For years, all sorts of organizations have understood the value of collecting information about their customers. The U.S. Census started in 1790 and has been conducted every decade since then. The Smithsonian Institution first supplied telegraph companies with weather instruments in 1849, establishing an extensive observation network which submitted data to the Smithsonian for creating weather maps.
One of most recent trends in data and statistics evolved in professional sports—especially baseball, thanks to metrics like batting averages, RBIs, ERAs and slugging percentage, which measures the power of a hitter. Similarly, in basketball, NBA fans recently embraced the “plus-minus” metric: a team’s point differential when a specific player is on the court, which marks the difference in points scored for and against.
Plus-minus is a valuable statistic because it captures a player’s more “minor” contributions that don’t necessarily show up in common measurements like baskets, assists and rebounds, therefore revealing how a team fares when a particular player is in the game. After all, that’s every team’s goal: to win games regardless of each player’s individual prowess.
Independent insurance agencies can and should capture statistics about a variety of agency benchmarks, such as policies in force, customer retention and profitability, just to name a few. Since every insurance agency has a sales culture, tracking individual production is especially important. Lately, many agencies have also begun surveying their clients and customers to ascertain how they perceive the agency’s service capabilities.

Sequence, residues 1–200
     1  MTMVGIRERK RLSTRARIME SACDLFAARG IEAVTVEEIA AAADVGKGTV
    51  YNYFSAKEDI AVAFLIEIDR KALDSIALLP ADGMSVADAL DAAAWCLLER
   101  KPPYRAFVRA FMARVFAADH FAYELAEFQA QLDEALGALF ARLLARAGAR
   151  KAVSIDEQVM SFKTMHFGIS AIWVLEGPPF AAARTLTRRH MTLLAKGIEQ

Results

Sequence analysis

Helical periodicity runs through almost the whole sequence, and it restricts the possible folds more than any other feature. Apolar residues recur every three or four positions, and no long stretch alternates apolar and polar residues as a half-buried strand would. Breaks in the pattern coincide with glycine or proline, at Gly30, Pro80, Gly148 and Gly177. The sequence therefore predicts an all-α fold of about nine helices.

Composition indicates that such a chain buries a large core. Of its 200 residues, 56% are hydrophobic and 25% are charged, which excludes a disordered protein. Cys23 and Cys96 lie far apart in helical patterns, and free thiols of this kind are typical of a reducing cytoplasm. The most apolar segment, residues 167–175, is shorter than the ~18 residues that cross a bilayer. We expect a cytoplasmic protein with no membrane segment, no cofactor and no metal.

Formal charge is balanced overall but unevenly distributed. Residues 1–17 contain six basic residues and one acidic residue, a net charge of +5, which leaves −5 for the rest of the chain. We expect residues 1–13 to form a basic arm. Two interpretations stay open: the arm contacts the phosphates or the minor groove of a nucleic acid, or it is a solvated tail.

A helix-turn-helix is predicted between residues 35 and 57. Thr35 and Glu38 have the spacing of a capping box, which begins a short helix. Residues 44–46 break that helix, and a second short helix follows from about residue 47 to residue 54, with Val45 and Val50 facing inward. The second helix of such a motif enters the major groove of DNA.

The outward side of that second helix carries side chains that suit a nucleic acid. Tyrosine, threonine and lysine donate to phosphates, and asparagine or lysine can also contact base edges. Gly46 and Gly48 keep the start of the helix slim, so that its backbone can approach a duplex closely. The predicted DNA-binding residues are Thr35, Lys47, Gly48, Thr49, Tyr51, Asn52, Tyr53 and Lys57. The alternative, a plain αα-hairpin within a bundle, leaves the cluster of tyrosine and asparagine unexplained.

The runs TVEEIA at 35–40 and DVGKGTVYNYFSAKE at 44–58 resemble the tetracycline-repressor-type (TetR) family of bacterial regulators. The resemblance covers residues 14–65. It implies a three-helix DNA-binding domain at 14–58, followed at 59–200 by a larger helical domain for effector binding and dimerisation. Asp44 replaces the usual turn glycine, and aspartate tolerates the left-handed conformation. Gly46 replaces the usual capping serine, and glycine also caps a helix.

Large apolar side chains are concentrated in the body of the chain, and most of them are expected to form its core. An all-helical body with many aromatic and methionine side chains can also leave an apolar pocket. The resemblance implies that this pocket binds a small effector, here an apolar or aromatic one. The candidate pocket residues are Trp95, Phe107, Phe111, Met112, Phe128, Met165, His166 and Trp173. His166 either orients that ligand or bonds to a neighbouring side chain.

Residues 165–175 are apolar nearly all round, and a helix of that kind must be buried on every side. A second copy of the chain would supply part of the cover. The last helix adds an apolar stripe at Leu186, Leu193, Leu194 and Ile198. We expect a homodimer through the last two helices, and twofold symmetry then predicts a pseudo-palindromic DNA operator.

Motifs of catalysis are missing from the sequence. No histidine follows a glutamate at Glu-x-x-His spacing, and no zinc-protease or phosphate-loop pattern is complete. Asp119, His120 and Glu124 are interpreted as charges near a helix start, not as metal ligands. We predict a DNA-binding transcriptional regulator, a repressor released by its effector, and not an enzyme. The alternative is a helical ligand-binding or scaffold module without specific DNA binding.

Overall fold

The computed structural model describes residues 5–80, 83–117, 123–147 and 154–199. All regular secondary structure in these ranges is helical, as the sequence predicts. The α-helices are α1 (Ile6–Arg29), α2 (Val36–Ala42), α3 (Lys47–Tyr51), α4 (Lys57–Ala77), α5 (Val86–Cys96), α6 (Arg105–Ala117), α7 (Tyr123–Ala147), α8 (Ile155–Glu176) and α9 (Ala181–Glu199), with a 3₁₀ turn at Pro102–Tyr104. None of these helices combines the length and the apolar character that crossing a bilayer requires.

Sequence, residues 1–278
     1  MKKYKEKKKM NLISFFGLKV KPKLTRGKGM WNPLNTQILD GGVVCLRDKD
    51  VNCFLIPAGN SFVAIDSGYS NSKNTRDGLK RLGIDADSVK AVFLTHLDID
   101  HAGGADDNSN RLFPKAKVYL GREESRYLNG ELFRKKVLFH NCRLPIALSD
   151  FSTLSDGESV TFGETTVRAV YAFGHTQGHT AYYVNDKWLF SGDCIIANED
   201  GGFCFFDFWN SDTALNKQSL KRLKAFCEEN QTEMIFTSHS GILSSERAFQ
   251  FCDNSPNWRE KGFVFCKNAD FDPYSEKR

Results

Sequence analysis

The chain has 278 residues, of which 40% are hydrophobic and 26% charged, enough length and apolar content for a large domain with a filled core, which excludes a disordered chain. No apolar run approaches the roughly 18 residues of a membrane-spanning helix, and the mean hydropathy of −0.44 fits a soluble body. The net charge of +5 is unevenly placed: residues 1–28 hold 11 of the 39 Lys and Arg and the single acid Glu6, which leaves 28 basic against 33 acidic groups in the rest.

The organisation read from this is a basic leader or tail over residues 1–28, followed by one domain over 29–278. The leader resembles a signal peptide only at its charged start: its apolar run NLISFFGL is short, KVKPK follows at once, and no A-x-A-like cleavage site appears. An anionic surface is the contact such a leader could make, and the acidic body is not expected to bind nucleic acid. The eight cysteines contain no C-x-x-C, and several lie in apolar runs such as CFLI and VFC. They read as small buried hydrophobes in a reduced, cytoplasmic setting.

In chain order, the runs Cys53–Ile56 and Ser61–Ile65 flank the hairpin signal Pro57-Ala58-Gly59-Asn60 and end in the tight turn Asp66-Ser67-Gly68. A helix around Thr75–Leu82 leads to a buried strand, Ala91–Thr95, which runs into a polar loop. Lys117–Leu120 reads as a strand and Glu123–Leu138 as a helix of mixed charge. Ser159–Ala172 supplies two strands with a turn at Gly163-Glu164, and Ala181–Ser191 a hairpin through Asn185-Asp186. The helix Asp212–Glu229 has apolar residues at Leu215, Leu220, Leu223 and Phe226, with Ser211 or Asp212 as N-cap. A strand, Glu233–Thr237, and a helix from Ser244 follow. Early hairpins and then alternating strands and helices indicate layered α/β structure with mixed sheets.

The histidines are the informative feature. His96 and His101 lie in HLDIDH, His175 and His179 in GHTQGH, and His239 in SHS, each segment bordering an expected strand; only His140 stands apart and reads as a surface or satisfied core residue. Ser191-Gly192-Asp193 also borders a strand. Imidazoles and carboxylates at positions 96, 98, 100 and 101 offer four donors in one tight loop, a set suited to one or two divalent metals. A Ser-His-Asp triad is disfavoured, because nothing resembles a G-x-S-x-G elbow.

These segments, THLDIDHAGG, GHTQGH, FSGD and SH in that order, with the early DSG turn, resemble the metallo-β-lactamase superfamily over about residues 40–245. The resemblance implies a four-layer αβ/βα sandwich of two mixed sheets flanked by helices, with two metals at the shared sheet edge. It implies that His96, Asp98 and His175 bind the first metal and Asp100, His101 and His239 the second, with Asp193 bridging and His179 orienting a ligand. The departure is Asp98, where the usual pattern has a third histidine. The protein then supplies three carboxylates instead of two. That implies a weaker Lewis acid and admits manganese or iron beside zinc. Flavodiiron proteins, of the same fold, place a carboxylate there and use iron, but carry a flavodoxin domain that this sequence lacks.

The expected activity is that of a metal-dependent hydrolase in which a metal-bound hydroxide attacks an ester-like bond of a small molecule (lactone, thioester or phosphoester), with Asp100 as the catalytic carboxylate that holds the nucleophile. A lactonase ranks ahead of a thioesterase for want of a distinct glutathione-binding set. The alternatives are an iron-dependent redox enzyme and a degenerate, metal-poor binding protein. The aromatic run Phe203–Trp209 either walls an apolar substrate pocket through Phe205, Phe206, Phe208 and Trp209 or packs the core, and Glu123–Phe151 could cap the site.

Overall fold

The Big “I” Best Practices Study collects and publishes a wealth of data from top-performing agencies around the country. It addresses metrics such as the number of accounts per CSR, compensation practices, organic growth and profitability, and more. Essentially, the study serves as a blueprint for agencies to benchmark their own performance relative to the best in the business.
I find it ironic that many of us who focus on sports statistics don’t apply the same discipline to our business activities—but of course, not every aspect of an employee’s contributions is measurable. Each independent insurance agency could and should focus on capturing more statistics relevant to its client base and lines of business. By doing so, your agency could discover your own plus-minus to help you determine which staff members are really committed to putting the agency in a winning position, among other valuable insights.
Aside from the players, the recipe for a successful team is a coach who must be committed to an ongoing process of innovation. Have you upped your agency’s data game in order to compete more effectively?
Dave Evans is a certified financial planner and an IA contributor.